2:19 pm: Russia accuses Ukraine of shelling border town, injuring residents
The governor of Russia’s southern Bryansk region on Thursday accused the Ukrainian army of shelling a Russian town about 10 kilometres (six miles) from their joint border, injuring civilians.
“Today the Ukrainian Armed Forces fired at the town of Klimovo. As a result of the shelling, two residential buildings were damaged and some of the residents are injured,” governor Alexander Bogomaz said on Telegram.
He added that emergency services were working at the scene and residents receiving “medical care”.
2:17 pm: War in Ukraine raising risks for Middle East, World Bank warns
The war in Ukraine has “multiplied risks” for the Middle East and North Africa’s poorer countries by raising food and energy prices, the World Bank said Thursday, warning of potential social unrest.
In its latest update to its MENA growth forecast, the development lender said inflationary pressures set off by Covid-19 “are likely to be exacerbated” by Russia’s invasion. “The threat of Covid-19 variants remains and the war in Ukraine has multiplied risks, particularly for the poor,” the World Bank’s MENA vice president, Ferid Belhaj, said in the report, titled “Reality Check”.
1:07 pm: Calling Russian actions in Ukraine ‘genocide’ complicates peace efforts, Macron says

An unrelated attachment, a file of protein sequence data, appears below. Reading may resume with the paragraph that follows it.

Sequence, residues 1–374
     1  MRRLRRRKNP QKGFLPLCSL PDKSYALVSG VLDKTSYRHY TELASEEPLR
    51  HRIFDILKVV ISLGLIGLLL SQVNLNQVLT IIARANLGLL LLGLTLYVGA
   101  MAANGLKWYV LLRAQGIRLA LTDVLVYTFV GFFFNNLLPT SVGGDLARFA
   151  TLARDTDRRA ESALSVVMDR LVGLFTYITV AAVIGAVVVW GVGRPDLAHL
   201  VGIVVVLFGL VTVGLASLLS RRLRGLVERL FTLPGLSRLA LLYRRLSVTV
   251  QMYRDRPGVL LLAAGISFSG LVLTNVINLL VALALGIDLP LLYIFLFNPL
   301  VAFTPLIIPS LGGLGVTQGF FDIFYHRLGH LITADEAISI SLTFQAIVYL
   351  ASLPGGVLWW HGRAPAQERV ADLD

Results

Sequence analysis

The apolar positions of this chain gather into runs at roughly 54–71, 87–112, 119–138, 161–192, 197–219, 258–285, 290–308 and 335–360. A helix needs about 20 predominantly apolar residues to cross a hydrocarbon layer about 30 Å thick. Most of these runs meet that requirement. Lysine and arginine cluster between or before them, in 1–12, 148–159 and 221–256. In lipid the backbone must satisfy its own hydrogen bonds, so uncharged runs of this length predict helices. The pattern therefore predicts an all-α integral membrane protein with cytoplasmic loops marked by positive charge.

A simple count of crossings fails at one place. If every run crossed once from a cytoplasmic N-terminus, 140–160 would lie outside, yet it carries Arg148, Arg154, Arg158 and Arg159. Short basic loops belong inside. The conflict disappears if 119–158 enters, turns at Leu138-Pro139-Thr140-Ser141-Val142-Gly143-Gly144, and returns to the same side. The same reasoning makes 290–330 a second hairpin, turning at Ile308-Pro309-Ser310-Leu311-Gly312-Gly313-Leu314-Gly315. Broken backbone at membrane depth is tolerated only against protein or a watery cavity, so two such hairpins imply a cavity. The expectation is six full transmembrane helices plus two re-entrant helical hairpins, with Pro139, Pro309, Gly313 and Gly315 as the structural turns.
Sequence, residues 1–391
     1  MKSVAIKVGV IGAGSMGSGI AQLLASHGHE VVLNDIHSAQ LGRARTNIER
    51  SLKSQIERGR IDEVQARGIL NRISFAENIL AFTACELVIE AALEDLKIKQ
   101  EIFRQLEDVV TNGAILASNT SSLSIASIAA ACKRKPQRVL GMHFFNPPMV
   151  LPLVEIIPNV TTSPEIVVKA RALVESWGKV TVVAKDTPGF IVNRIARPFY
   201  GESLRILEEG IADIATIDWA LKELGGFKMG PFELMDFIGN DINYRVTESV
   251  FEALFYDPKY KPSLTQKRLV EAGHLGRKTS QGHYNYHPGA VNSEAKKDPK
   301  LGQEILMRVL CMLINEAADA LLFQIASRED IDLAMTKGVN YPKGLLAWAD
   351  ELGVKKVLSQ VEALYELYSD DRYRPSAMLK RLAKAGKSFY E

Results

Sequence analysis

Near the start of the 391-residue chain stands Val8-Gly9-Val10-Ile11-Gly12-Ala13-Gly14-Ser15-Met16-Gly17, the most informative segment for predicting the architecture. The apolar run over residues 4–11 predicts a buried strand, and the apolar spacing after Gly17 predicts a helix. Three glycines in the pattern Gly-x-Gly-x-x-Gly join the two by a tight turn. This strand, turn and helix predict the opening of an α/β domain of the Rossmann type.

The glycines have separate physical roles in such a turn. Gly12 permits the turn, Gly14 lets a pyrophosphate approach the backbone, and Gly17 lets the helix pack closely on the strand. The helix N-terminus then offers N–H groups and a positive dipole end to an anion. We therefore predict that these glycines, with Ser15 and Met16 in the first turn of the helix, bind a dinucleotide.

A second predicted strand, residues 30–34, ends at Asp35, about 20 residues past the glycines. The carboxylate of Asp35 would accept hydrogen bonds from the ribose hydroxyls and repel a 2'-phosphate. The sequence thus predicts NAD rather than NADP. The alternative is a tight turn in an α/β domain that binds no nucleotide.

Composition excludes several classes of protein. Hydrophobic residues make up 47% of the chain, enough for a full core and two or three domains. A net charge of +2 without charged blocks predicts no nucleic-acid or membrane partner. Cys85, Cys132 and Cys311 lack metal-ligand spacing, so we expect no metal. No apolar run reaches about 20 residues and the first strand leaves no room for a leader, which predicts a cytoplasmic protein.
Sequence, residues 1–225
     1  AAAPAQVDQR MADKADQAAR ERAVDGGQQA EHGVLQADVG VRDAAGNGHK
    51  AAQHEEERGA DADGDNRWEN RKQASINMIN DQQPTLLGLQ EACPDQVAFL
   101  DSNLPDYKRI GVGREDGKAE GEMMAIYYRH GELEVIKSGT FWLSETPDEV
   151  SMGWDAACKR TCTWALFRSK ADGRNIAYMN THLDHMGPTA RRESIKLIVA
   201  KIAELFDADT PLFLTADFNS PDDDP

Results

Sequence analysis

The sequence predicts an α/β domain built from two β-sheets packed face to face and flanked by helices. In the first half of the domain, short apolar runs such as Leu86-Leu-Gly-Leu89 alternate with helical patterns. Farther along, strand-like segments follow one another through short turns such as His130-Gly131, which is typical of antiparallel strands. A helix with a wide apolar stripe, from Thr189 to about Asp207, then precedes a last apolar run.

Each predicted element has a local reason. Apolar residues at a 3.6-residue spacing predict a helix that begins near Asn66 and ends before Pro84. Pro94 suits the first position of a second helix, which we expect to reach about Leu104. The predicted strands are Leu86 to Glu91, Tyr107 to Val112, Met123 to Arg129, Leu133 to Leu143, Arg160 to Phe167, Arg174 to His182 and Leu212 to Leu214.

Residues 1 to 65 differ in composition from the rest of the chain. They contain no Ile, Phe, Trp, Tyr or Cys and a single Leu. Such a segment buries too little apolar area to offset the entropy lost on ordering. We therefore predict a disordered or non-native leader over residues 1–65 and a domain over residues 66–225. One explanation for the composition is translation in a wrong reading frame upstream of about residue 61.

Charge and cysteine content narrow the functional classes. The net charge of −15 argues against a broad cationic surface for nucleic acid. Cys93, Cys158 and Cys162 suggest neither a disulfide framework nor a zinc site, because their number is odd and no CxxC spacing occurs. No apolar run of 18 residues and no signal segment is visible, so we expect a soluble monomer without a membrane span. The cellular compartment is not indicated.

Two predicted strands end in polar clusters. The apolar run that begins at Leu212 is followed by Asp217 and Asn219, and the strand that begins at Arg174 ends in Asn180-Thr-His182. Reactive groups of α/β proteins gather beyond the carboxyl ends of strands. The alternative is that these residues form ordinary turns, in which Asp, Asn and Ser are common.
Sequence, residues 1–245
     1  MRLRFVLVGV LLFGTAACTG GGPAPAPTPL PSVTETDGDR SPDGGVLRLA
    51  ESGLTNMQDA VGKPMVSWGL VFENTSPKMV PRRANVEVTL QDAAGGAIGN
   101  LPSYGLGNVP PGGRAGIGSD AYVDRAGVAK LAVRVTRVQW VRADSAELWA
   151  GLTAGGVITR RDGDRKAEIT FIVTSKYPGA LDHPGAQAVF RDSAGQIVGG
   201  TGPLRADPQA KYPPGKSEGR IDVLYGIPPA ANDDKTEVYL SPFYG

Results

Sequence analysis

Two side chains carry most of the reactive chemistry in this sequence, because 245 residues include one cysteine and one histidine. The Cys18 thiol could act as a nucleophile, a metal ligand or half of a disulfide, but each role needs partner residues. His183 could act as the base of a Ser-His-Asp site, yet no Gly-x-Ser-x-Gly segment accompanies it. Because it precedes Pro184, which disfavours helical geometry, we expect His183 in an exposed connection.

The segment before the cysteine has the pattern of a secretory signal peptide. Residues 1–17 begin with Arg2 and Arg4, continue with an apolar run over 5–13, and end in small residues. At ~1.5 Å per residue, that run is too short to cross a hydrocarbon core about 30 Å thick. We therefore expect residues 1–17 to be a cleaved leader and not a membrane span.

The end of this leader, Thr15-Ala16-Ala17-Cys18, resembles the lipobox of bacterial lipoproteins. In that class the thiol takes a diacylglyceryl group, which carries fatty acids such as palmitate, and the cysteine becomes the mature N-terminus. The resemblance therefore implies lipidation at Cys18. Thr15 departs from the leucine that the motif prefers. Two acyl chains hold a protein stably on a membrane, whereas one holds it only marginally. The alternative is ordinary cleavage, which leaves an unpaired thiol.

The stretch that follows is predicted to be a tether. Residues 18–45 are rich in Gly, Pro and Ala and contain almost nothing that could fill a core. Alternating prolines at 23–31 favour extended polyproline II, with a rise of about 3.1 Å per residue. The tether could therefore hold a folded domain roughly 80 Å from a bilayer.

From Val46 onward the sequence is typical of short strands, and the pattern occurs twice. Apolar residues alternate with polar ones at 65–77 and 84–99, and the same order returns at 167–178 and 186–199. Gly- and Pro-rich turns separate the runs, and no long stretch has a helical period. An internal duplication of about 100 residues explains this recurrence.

French President Emmanuel Macron said Thursday that using the word “genocide” to describe Russia’s actions in Ukraine would be an escalation that would complicate efforts for a peace deal.
“Words have meaning and it is necessary to be careful because my role is to help bring peace, or at least to stop this war,” Macron said in an interview with France Bleu radio, adding that he wanted to avoid verbal escalations.
US President Joe Biden said Tuesday that “evidence is mounting” that Russia is committing “genocide“, sparking angry denials from the Kremlin.
11:06 am: Russia already has nuclear weapons in the Baltic region, says Lithuania
Russia already has nuclear weapons in the Baltic region, Lithuanian Defence Minister Arvydas Anusauskas said on Thursday.
Anusauskas told Lithuania’s BNS wire that nuclear weapons have been deployed in Russia’s Kaliningrad exclave on the Baltic Sea since before the current crisis.